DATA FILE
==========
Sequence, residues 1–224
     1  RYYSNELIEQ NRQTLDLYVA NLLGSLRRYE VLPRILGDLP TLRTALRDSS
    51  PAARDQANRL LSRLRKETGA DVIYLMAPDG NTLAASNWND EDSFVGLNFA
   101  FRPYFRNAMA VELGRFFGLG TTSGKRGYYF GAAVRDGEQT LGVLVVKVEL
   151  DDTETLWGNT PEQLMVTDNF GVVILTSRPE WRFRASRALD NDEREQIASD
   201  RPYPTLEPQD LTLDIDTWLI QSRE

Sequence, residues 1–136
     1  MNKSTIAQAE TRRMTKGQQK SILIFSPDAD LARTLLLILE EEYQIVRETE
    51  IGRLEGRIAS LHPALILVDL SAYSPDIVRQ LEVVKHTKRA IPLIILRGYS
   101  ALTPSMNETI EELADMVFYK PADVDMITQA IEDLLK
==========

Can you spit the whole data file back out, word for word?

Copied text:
Sequence, residues 1–224
     1  RYYSNELIEQ NRQTLDLYVA NLLGSLRRYE VLPRILGDLP TLRTALRDSS
    51  PAARDQANRL LSRLRKETGA DVIYLMAPDG NTLAASNWND EDSFVGLNFA
   101  FRPYFRNAMA VELGRFFGLG TTSGKRGYYF GAAVRDGEQT LGVLVVKVEL
   151  DDTETLWGNT PEQLMVTDNF GVVILTSRPE WRFRASRALD NDEREQIASD
   201  RPYPTLEPQD LTLDIDTWLI QSRE

Sequence, residues 1–136
     1  MNKSTIAQAE TRRMTKGQQK SILIFSPDAD LARTLLLILE EEYQIVRETE
    51  IGRLEGRIAS LHPALILVDL SAYSPDIVRQ LEVVKHTKRA IPLIILRGYS
   101  ALTPSMNETI EELADMVFYK PADVDMITQA IEDLLK